I have dutifully bought every book of poetry he has brought out beginning with Flowchart because his riches have enlarged my life more than any other living writer. But every volume beginning with And the Stars Were Shining has failed to rise to the heights of books that came before. It is the same Ashbery, sure, but the whole flavor has changed. Just look at Flowchart—froth upon froth of language. Poetry should be useless and incomplete in the senses that Bataille used the words—one should not be able to appropriate art to a useful end product as in the ordinary world of work (apart from the practical reality of offering the book for sale). But published poetry should never be gratuitous. Flowchart cannot be appropriated into the useful world, but it does not verge on the gratuitous, as Girls on the Run does. Be drunken, as Baudelaire advised, but don’t expect everyone to take a keen interest when you are ‘lost in an underperforming text’ (Far Harbor).

For over twenty years now I have asked myself if the failing is mine, and maybe it is, but I have finally resigned myself to it. It is clear to me now that Ashbery has resigned himself too, and it is doubtful there will be any more surprises. As he writes in Northeast Building, from the new collection:

The runner is already here,
has been for some time, awaiting instructions.
If it was my turn I’d go, but since that is
out of the question, I’ll merely keep my council,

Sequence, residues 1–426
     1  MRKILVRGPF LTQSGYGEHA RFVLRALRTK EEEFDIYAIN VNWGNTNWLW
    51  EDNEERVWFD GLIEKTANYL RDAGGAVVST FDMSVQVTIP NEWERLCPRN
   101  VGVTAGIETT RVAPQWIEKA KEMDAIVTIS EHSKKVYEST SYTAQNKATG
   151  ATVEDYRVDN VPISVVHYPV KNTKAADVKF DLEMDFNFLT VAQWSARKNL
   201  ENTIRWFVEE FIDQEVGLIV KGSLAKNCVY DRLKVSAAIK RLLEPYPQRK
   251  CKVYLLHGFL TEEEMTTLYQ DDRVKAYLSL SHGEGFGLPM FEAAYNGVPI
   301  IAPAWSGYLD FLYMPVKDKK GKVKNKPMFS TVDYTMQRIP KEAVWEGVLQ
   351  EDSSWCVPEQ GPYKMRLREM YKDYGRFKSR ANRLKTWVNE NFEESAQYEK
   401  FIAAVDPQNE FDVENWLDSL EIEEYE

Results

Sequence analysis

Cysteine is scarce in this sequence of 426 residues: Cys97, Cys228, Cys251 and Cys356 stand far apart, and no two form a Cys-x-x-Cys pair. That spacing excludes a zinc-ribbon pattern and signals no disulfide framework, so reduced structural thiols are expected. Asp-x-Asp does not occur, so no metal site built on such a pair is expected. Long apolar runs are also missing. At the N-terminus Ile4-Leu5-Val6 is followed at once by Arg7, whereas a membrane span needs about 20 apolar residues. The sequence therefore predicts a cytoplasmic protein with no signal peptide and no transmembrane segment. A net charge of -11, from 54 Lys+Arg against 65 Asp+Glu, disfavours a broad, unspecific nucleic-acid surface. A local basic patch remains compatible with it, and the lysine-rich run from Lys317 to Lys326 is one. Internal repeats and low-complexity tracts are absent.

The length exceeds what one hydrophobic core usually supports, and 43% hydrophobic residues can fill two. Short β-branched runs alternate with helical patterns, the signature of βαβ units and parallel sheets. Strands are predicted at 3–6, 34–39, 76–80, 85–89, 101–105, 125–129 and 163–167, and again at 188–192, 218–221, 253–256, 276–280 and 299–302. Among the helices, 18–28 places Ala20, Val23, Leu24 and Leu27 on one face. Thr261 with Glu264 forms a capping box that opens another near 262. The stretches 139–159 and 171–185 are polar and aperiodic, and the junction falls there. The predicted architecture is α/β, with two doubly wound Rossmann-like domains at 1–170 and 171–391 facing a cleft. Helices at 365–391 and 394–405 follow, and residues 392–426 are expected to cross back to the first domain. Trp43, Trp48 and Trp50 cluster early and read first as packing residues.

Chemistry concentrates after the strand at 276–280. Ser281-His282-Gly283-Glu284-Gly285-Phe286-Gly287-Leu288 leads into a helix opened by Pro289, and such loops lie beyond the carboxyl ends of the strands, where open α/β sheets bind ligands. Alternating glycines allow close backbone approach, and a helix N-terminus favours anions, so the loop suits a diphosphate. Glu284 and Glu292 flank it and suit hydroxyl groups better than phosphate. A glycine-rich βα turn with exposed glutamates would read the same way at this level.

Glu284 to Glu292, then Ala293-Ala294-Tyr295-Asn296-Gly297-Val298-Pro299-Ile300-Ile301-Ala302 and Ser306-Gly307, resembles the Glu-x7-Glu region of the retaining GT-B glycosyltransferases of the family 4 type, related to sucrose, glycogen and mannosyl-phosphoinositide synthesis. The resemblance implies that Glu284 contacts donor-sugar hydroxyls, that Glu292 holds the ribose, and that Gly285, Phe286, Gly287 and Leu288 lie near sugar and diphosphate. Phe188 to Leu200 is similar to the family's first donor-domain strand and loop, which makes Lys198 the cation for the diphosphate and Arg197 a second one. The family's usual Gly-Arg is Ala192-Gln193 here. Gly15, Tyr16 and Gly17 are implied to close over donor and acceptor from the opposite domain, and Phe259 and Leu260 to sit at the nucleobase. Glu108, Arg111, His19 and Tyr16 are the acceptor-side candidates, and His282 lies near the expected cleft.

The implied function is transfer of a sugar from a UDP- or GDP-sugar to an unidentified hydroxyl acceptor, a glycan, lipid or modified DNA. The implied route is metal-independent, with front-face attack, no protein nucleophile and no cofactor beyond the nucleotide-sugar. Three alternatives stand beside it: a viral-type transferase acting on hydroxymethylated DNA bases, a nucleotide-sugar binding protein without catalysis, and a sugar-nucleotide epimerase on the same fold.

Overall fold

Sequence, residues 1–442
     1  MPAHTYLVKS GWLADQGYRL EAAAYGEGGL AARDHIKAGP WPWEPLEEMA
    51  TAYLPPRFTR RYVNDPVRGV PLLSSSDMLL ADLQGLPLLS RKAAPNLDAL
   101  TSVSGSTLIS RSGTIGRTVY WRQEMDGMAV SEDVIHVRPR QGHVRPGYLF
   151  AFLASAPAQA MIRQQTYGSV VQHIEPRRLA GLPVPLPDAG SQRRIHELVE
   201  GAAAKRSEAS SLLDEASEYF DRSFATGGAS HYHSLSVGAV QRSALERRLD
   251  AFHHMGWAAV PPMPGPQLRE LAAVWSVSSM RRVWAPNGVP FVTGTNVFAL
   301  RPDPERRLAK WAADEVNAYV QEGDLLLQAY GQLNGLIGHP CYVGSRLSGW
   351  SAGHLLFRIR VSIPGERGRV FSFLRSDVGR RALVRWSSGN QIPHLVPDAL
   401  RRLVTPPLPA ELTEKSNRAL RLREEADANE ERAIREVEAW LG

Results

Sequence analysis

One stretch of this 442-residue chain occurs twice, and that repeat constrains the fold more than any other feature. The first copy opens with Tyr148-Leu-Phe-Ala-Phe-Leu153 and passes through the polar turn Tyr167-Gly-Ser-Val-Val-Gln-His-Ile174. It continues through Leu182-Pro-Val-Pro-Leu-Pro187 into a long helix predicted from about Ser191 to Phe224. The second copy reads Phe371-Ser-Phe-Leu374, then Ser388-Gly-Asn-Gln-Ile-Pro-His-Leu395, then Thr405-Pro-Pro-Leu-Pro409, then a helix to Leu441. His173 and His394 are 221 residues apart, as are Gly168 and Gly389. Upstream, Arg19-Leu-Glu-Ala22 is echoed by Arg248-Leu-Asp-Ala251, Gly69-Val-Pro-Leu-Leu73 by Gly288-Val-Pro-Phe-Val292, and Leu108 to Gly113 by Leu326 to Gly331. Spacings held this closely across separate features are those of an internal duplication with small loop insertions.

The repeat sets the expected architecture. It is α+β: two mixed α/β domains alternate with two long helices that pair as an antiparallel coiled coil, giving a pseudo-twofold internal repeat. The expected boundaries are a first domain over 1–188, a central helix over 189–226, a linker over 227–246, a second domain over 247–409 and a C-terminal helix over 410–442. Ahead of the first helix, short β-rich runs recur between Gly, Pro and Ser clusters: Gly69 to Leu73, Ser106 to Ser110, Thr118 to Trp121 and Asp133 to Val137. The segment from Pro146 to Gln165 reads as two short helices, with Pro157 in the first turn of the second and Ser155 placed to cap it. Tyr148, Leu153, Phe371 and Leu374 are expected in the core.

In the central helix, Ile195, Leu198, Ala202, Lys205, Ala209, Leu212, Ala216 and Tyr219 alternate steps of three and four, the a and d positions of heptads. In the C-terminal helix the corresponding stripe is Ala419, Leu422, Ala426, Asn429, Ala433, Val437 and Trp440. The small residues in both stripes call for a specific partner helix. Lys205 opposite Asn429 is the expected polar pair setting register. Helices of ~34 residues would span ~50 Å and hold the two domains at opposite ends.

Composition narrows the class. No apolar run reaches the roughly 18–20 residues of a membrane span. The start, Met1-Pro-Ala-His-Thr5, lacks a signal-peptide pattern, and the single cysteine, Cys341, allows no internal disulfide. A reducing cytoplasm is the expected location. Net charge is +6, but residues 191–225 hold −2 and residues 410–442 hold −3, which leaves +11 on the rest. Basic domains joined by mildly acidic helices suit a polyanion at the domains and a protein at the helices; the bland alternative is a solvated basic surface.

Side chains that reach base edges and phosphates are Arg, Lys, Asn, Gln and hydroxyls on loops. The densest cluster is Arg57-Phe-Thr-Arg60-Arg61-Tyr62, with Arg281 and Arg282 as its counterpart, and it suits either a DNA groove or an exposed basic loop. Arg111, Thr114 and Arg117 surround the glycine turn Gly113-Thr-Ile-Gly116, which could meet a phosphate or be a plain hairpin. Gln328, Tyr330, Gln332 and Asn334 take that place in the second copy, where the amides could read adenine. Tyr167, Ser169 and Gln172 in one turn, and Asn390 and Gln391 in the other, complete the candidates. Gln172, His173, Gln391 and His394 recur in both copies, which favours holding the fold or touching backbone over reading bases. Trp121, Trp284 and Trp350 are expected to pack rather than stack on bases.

looking for some converted to preach to.

Other poems seem to comment on his work. Puff Piece seems to be a confession. Referring to his “smirched muse” he writes: “And when I pulled it out of my pocket I thought surely all this has been done before.” But when he heads out, “tall in the saddle” for “ a clean-named place” I can’t feel a genuine enthusiasm. The Northeast Building stanza, quoted above, sounds more real to me.

Elsewhere in the new collection more or less wry lines seem to address Ashbery’s critics: “Let it mean something”; “Now that wasn’t so easy, was it?” apparent nods to the common criticisms that he is either meaningless or too difficult. But when he suggests in You What? meeting in a “fuzzy argument [that] comes to some fanciful verbal frottage or tegument” I feel like replying, let’s not. I miss the lucid Ashbery.

But I can’t stay mad at him for long. Even his throwaways are brilliant. I’ve read that Ashbery often keeps first drafts. He understands that one need not sweat blood over every poem. Sketches can be beautiful, and some poems are just right dashed off. Ashbery has often joked about his process. Having his poetry quoted to him might provoke a response of incredulity, like, ‘Wow, did I write that? I have no recollection.’ And it’s hard not to admire how lighthearted his late poetry is. Ashbery is a little boy at heart (a little boy with the literary brain of a genius), and I love that.